There are 2 types of tendonitis, acute and chronic. Acute tendonitis refers to inflammation that comes on suddenly, usually from a tendon strain or overloading it during exercise. Chronic tendonitis occurs over time and generally results from long term repetitive use of the Achilles tendon.

With both types of tendinitis, scar tissue develops on the Achilles tendon as the tears begin to heal. This scar tissue mends the tears in an abnormal way leaving the collagen fibers weaker and more prone to further injury. In the case of chronic tendinitis a node of scar tissue may form and/or the Achilles tendon may actually become thicker with a build up of scar tissue over a long period of time.

People with Achilles tendon pain often call their injury tendonitis however, in reality, Achilles tendinitis is a rare occurrence. Tendinosis is a more common Achilles injury.

Achilles Tendinosis

The term tendinosis refers to a non-inflammatory, degeneration of the collagen fibers in a tendon.

Tendinosis pain and tissue degeneration.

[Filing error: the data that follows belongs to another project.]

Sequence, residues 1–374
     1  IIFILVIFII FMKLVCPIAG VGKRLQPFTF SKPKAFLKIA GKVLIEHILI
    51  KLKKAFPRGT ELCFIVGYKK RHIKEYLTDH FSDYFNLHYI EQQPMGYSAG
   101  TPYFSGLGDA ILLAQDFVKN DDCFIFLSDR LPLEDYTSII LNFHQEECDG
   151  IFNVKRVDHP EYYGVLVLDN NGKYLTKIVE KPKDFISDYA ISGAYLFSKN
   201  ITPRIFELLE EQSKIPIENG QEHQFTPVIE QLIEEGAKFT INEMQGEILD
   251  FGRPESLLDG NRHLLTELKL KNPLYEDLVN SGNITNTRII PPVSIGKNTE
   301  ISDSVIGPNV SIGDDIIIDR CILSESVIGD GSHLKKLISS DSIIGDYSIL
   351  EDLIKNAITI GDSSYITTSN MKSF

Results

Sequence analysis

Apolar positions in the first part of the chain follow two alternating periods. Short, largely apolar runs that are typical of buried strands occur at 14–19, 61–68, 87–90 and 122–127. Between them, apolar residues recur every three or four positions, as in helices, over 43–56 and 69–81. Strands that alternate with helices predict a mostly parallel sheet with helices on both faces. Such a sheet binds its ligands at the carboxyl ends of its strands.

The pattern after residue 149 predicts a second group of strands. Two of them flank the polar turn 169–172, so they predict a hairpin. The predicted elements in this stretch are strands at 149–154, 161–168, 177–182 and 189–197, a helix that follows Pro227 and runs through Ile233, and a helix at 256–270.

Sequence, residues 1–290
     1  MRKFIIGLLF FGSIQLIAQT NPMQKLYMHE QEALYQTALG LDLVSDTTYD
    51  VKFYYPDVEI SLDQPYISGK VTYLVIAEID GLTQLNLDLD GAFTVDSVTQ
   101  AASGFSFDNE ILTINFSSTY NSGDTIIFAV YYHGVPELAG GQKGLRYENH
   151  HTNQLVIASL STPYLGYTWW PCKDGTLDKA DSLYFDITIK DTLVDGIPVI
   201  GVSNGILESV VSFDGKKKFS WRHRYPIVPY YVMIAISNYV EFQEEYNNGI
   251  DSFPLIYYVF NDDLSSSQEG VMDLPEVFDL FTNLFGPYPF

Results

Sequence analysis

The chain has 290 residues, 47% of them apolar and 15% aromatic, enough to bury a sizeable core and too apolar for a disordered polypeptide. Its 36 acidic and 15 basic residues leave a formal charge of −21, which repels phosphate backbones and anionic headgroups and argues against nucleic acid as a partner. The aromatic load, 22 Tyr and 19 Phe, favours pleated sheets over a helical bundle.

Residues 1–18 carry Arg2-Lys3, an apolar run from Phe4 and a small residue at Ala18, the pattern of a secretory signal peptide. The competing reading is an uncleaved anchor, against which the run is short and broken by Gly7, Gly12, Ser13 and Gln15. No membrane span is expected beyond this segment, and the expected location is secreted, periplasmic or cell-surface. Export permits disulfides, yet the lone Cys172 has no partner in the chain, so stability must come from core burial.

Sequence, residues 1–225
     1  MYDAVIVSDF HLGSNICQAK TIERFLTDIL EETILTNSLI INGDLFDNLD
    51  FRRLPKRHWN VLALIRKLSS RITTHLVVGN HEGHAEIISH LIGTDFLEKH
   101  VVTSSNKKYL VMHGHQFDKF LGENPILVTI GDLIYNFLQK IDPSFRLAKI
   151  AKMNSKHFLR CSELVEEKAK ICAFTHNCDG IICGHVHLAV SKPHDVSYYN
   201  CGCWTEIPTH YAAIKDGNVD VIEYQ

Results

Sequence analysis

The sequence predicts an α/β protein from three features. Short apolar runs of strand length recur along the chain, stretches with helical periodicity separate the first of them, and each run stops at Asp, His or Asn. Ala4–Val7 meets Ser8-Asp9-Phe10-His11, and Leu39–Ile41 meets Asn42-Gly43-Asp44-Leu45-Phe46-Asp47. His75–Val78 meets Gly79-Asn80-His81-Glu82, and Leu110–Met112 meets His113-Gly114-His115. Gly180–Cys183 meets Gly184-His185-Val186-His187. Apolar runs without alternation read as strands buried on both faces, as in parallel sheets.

This tissue break down is often caused by repetitive stress on the tendon fibers and the failure for the fibers to heal. In fact, the rate of tissue damage exceeds the healing process and eventually the build-up of damage on the Achilles tendon is not able to heal properly. The tissue (collagen fibers) degrade to a point where the once straight, strong, flexible bundle is weakened by abnormally formed fibers that look more like a mess of strands.

Since there is no inflammation with tendinosis you will not experience swelling, heat or redness. However, you will experience pain, tenderness and stiffness at the back of the ankle where the tissue degeneration has occurred. This is the most common among Achilles tendon injuries.

Achilles Tenosynovitis

Tenosynovitis, (also called paratendonitis), is a term used to describe inflammation and degeneration of the tendon's outer layer or sheath. The Achilles tendon sheath is called the paratenon, which explains why the term paratenonitis has become a popular term for this condition as well.

It is possible to suffer from tenosynovitis alone or in conjunction with the degeneration of the Achilles tendon (called Achilles tendinosis). As your body tries to heal, scar tissue forms inside the sheath attaching the inner tissues of the Achilles tendon to its outer covering (paratenon). This scar tissue limits the gliding movement of the tendon, reducing the range of motion and causing pain, tenderness, redness, and swelling.